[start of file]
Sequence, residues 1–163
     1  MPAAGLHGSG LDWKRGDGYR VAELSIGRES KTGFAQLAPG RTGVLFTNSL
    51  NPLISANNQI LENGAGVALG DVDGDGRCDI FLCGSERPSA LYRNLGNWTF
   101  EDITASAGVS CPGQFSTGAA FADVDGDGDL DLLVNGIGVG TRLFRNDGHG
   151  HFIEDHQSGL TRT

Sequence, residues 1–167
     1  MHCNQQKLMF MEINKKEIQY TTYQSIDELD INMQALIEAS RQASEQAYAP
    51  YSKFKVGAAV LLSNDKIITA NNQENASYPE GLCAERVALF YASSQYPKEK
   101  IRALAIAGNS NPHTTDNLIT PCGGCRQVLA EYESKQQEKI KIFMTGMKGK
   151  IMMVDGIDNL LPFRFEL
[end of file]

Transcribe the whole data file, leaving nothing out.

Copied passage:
Sequence, residues 1–163
     1  MPAAGLHGSG LDWKRGDGYR VAELSIGRES KTGFAQLAPG RTGVLFTNSL
    51  NPLISANNQI LENGAGVALG DVDGDGRCDI FLCGSERPSA LYRNLGNWTF
   101  EDITASAGVS CPGQFSTGAA FADVDGDGDL DLLVNGIGVG TRLFRNDGHG
   151  HFIEDHQSGL TRT

Sequence, residues 1–167
     1  MHCNQQKLMF MEINKKEIQY TTYQSIDELD INMQALIEAS RQASEQAYAP
    51  YSKFKVGAAV LLSNDKIITA NNQENASYPE GLCAERVALF YASSQYPKEK
   101  IRALAIAGNS NPHTTDNLIT PCGGCRQVLA EYESKQQEKI KIFMTGMKGK
   151  IMMVDGIDNL LPFRFEL